• The electricity is derived from renewable sources. The company says that this is not the key ingredient of the tariff. Later in this note I try to explain why.
  • British Gas will buy and retire Renewable Energy Certificates for 12% of the electricity it supplies. This is probably the most important aspect of the proposition.
  • British Gas will ‘offset’ all of the carbon dioxide produced as a result of each household’s purchases. This is the most expensive part of the deal for British Gas.
  • There will be a small donation to a green education fund for schools.

BG says that it makes no extra money from the sale of its Zero Carbon product. This looks a justifiable statement to us. The important other questions to ask are:

  • Why did BG decide that 10% was the appropriate premium to its main tariff? It could have designed a less costly offering with reasonably strong green features. Do mainstream ‘concerned consumers’ regard 10% as an acceptable price increment? Did BG need to ‘gold plate’ the new product to avoid any criticism that it was a proper green tariff?
  • How will the company manage to ensure that it buys high quality offsets, and not the dubious offerings sold by consumer offsetting companies?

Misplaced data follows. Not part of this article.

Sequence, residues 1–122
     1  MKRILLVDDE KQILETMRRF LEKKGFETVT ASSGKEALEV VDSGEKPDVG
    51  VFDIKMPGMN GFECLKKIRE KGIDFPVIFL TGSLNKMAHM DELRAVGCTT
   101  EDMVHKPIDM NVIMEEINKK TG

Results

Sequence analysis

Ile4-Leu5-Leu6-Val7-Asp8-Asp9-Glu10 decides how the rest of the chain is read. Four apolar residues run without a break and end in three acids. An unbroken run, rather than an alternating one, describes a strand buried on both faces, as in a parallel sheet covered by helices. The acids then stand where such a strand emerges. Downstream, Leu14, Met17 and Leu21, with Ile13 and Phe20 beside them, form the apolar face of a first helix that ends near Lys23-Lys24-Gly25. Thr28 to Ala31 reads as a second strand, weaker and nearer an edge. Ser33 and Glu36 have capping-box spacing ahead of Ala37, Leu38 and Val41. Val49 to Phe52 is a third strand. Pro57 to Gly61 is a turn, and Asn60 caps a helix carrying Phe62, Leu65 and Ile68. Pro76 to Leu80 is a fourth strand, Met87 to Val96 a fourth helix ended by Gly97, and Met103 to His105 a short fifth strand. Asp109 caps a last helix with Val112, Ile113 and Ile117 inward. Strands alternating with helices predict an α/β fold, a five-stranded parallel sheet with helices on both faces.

• The product is slightly complex and difficult to explain. Can BG cut through the competing claims of other green suppliers to build a large customer base for this high quality offering?

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Do dedicated biomass electricity generating plants make financial sense?

E.ON UK has recently announced a plan to build a second power station using 100% energy crops as fuel. The first investment – a £90m power plant at Lockerbie in Scotland – will open within the next few months. The second plant, still only in the planning stage, will be in Sheffield on the site of a previous generating station. Both power plants will use wood from forestry and specially planted willow but Sheffield will also burn waste wood from other sources, such as industrial pallets. These are the first two large-scale plants in the UK if we exclude the ill-fated Arbre plant of several years ago. (Arbre was an extremely advanced wood chip gasification plant built in Yorkshire. It was never fully commissioned.)

By the standards of the electricity industry, the E.ON investments are tiny. The proposed Sheffield plant has a price tag of £44m compared to £1bn for E.ON’s intended investment in the new super-critical low(ish) emissions coal power plant at Kingsnorth in Kent. Nevertheless, Lockerbie and Sheffield do appear to make good financial sense, at least in part because of the revisions to the renewable energy subsidy scheme announced in the government’s June 2007 Energy White Paper.

This article looks at the prospective financial return from operating a power plant burning wood and other energy crops.